I’m really enjoying working my way through Newsweek’s seven-part behind-the-scenes account of the recent US election, Secrets of the 2008 Campaign. I’m learning fun facts, such as the Secret Service’s code names for Barack Obama’s daughters (“Radiance” and “Rosebud”), and not-so-fun facts, like the details about infighting among Hilary Clinton’s staffers. I was especially interested to learn more about the temperament of our President-Elect, and to realize, based on some descriptions of him, that he just might be an introvert.
I must confess that I usually imagine politicians to be uniformly extroverted, as constant interaction with the public would be sure to drain the energy of most introverts. But, I also believe that introverts can learn to be more extroverted in certain situations, and there are some (perhaps tending to the Feeling end of the Myers-Briggs Feeling-Thinking continuum), who really thrive on meaningful interaction with friendly and like-minded individuals. I obviously can’t speak for Mr. Obama, but here are a few pieces of evidence that might confirm his tendency to introversion.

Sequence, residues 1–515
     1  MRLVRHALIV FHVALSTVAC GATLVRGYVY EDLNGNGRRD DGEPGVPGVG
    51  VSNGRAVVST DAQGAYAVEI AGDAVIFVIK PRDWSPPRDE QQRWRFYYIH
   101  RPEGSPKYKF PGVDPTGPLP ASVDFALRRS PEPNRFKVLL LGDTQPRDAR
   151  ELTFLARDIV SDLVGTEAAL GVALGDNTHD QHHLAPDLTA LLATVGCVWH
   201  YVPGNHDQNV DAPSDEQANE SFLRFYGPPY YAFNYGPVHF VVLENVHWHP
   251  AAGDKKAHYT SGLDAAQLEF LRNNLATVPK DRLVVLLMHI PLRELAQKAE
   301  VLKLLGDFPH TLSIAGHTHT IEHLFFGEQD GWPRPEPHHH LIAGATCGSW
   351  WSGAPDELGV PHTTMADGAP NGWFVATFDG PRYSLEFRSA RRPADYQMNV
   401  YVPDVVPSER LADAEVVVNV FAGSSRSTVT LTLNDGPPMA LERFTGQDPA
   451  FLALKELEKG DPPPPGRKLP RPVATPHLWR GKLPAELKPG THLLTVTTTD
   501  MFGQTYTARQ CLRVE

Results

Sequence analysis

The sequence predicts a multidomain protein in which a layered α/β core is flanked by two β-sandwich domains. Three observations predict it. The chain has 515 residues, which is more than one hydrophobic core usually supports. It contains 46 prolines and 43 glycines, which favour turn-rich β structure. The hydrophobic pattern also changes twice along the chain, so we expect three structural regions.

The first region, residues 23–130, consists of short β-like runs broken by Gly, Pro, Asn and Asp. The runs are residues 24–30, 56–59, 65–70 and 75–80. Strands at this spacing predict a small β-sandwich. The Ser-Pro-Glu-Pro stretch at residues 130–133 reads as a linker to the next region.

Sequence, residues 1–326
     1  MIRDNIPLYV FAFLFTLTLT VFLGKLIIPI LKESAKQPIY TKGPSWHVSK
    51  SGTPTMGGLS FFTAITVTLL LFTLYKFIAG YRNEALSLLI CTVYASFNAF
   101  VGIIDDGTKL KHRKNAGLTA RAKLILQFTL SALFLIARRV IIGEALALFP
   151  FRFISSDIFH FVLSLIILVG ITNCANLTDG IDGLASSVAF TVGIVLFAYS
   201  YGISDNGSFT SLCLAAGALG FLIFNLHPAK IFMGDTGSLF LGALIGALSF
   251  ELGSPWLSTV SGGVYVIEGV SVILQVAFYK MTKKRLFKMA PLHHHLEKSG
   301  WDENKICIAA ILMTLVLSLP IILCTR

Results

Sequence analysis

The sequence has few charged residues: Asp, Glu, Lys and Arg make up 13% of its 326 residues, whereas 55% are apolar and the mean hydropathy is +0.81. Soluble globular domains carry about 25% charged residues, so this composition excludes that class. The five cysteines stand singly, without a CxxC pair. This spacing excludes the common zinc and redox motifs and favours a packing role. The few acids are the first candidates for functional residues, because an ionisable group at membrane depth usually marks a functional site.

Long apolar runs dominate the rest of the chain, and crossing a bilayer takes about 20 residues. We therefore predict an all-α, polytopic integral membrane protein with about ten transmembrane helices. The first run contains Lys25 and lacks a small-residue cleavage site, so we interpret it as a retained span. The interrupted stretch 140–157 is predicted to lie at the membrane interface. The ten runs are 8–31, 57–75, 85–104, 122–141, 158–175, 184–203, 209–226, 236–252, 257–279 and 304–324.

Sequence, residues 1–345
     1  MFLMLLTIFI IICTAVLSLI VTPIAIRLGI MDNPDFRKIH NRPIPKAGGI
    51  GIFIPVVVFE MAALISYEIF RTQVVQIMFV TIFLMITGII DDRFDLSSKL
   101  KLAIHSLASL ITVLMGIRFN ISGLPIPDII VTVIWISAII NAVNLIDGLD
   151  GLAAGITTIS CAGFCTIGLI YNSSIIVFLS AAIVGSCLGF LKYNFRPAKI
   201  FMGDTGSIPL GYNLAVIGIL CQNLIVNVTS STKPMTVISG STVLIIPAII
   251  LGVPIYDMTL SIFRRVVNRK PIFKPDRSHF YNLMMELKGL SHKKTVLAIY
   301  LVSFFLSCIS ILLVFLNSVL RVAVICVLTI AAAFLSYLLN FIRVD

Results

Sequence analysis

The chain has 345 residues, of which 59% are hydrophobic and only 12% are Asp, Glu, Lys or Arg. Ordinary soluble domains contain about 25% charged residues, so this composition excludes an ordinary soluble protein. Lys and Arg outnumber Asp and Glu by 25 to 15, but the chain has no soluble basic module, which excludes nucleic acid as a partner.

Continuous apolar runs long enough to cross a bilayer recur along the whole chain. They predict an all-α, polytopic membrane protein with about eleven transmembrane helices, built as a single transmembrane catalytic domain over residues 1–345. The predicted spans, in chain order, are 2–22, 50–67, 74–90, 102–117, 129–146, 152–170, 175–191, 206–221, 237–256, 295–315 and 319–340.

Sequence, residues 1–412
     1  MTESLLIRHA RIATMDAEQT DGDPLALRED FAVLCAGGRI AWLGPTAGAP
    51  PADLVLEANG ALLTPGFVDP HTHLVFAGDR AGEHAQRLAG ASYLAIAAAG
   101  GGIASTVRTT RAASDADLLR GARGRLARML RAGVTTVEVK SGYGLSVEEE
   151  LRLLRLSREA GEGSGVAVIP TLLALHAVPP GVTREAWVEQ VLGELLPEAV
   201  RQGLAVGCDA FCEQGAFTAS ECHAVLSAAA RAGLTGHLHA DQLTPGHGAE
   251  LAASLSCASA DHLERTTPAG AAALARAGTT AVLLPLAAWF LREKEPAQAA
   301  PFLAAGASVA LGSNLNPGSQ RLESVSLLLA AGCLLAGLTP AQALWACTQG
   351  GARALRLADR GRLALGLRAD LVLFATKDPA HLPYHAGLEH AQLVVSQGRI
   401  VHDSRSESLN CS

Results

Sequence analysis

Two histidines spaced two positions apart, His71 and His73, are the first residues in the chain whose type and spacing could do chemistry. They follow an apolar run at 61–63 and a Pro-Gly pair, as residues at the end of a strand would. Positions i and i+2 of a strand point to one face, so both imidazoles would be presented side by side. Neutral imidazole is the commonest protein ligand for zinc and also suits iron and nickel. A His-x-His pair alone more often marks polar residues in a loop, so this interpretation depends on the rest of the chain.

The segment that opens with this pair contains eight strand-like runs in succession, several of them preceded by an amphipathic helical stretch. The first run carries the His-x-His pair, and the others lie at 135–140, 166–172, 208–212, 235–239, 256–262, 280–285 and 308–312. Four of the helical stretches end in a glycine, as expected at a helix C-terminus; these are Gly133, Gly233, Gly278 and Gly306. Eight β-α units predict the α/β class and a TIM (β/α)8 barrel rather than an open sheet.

In the first chapter of the series, “How He Did It,” there is a description of some of Obama’s self-doubts early in the campaign, particularly regarding his performance in preliminary debates, and how he dealt with them:
Obama was a relentless self-improver: “I’m my own worst critic,” he told NEWSWEEK, but he was also a loner who needed to step back away from the others, to look more closely at himself. He wasn’t chilly, exactly, but for a politician he was astonishingly inner-directed, and that could make him seem remote.
There are so many introvert “code” words in these two sentences; “loner,” “inner-directed,” and “remote” are very common ways that introverts are characterized (although not always by introverts themselves). Further along in the article there is a telling description of how members of the press first saw the candidate, noting they found him “chilly and guarded.” Sounds like a misunderstood introvert to me!
If you add these observations to Obama’s reputation as a voracious reader and accomplished writer (often hallmarks of an introverted nature), the picture gets a little clearer. If my conjectures are true, and Obama really is an introvert, my admiration for his commitment to a tough job is even greater, and I would be delighted to know that someone “like me” will be occupying the Oval Office come January.